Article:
The rise of flexible employment in India
The Indian organized flexi-staffing industry is set to get much bigger, with the transition to the goods and services tax (GST) expected to have a positive influence.
Indian flexi staffing penetration levels are far lower at ~0.5% than some developed countries and the global average (~1.6%).
The chart alongside has the details.
“A convergence to the global average itself can triple the industry,” wrote Sagar Lele, an analyst at Motilal Oswal Securities Ltd, in a note last week.
How will GST help?
In a post-GST scenario, the client (firms) will be able to take input tax credit from the government only if the staffing agency that services the client pays the service tax to the government, according to Motilal Oswal. This will force firms to shift to organized staffing agencies that comply with rules and pay taxes.
Some believe flexi-staffing is a euphemism for casualization of labour. The increase in casualization is a trend that is evident in the formal sector for quite some time now. As labour law reforms evolve, it is expected that there will be increased flexi staffing.
Flexi staffing is expected to work out relatively cheaper even in case of exhaustive labour law reform by the central government.
According to brokerage firm Ambit Capital Pvt. Ltd, even in this scenario, flexi staffing turns out to be cheaper than permanent recruitment over the average life time of an employee in an organization.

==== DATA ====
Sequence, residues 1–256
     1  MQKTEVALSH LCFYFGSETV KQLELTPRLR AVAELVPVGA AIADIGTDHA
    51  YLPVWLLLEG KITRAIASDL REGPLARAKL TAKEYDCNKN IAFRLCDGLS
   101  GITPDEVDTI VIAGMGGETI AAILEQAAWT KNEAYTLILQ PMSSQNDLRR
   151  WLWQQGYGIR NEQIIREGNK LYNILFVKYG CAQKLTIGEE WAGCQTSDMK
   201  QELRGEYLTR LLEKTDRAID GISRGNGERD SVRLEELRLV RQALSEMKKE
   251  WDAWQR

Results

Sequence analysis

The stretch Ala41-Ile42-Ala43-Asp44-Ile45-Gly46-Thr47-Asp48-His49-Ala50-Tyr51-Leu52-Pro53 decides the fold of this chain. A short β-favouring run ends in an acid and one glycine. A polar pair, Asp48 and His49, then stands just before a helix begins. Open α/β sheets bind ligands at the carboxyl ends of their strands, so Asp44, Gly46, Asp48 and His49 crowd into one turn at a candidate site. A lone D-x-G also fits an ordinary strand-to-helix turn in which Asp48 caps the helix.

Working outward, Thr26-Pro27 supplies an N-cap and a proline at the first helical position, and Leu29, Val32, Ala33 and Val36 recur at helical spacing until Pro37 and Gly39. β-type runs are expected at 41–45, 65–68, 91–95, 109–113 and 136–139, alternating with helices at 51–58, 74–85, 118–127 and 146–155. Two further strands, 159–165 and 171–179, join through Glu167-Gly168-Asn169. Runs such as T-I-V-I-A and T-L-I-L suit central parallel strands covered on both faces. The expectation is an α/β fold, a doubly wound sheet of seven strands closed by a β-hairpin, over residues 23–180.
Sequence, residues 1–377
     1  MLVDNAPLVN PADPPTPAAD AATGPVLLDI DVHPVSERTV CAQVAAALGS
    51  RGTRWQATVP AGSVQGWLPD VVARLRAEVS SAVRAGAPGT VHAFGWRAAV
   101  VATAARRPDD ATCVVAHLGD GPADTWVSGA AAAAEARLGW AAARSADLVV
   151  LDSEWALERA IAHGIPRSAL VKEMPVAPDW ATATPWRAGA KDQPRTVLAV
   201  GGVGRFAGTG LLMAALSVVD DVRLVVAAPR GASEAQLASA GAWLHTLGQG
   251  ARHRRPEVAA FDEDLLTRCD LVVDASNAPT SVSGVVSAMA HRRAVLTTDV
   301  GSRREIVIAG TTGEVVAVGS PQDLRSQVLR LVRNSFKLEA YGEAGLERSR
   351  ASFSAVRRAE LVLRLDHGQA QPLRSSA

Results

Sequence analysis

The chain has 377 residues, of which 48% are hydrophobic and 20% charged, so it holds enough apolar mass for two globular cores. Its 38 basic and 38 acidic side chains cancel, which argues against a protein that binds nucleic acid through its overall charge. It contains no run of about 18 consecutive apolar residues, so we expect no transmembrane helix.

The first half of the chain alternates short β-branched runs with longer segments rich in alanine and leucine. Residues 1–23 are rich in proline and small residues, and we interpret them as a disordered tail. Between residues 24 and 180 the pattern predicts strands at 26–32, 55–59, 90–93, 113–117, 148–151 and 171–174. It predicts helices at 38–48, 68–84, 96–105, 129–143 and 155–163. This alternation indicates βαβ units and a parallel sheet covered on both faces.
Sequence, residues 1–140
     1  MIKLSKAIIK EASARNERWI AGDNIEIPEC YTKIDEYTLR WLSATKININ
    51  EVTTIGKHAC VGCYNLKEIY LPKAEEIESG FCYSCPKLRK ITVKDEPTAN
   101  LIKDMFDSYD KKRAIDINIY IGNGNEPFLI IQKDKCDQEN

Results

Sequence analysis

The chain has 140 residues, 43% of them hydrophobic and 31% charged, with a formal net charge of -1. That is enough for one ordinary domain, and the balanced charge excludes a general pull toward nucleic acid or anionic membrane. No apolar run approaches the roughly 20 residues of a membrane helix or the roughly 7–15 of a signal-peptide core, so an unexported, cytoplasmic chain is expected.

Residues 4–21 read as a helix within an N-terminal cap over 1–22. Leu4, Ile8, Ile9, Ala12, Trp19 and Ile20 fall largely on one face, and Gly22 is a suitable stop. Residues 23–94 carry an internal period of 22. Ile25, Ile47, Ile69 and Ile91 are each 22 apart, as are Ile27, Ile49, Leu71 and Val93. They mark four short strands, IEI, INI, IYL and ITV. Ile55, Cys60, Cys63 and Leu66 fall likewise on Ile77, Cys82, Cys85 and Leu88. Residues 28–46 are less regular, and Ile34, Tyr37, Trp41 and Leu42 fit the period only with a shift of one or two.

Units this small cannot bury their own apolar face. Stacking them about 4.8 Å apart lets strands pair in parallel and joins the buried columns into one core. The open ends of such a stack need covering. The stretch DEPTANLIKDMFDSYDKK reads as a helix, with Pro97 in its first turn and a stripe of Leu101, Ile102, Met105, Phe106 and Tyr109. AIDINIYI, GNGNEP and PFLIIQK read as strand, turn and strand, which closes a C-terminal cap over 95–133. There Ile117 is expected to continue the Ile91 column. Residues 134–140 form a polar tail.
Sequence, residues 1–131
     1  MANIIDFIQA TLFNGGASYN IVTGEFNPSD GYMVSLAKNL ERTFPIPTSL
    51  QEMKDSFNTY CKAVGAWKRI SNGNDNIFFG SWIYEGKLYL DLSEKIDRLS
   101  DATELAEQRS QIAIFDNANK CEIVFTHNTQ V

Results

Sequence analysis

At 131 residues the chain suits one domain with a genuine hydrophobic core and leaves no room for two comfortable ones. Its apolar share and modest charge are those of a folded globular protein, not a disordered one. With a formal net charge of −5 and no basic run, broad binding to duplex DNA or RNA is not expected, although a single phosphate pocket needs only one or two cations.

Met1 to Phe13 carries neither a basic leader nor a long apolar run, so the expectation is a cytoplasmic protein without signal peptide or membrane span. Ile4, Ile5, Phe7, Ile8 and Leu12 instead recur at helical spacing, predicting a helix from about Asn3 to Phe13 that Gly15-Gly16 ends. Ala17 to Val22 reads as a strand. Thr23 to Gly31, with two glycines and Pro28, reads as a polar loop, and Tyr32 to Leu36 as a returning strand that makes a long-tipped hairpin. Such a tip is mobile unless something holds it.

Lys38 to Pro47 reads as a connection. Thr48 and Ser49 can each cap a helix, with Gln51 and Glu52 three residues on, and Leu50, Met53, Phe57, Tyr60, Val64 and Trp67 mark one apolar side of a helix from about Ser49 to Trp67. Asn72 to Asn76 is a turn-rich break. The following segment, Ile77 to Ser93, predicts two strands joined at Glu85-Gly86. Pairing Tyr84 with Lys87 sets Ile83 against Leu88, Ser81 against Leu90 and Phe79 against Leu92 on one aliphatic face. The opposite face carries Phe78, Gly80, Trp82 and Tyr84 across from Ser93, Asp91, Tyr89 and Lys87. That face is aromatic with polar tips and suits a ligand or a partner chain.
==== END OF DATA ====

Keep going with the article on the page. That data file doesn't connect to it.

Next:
Flexi staffing is of course beneficial both for firms hiring flexi staffing services as well as organized flexi staffing firms. Firms will save on employee costs and enjoy the flexibility to hire and fire while staffing firms also gain.
But as the flexibility lets firms hire more temporary staff, the focus will shift from creating permanent employment. This doesn’t augur well for providing good and well-paying jobs with benefits and a clear career progression, nor is it good for developing skills.
On the other hand, for most people, such jobs have always been a pipe dream. Indeed, for them, flexi-staffing firms provide their entry ticket into the formal economy.
“In the current scenario, where employment opportunities are not keeping pace with rise in working population, a surge in temporary staffing should be seen as a positive because it is better to be employed for some months than to remain completely unemployed,” pointed out Madan Sabnavis, chief economist at CARE Ratings. Around one-fifth of the people who take up temporary staff jobs do get absorbed into the organization, but for the rest, the uncertainty about jobs remains, added Sabnavis.
Rituparna Chakraborty, president, Indian Staffing Federation, expects a total of 50,000 jobs to be created in the flexible staffing space, including the current month and going up to February end. These will be driven by consumption-focused sectors such as retail and consumer good firms among others. “The largest chunk of demand for jobs would come from e-commerce and logistics since the demand for delivery boys is higher than any other profile currently,” added Chakraborty.
Needless to say, firms such as TeamLease Services Ltd and Quess Corp Ltd, which are engaged in the flexi staffing business in India, will benefit.
Stock performances reflect the optimism. So far this fiscal, shares of Teamlease and Quess Corp have outperformed the benchmark Sensex, with the Teamlease stock appreciating at a much faster rate.
Currently, Teamlease and Quess Corp stocks trade at about 43 times each, based on Motilal Oswal earnings estimates for this fiscal. That high price/earnings (PE) ratio is a clear indication of the scope for flexible employment in the country.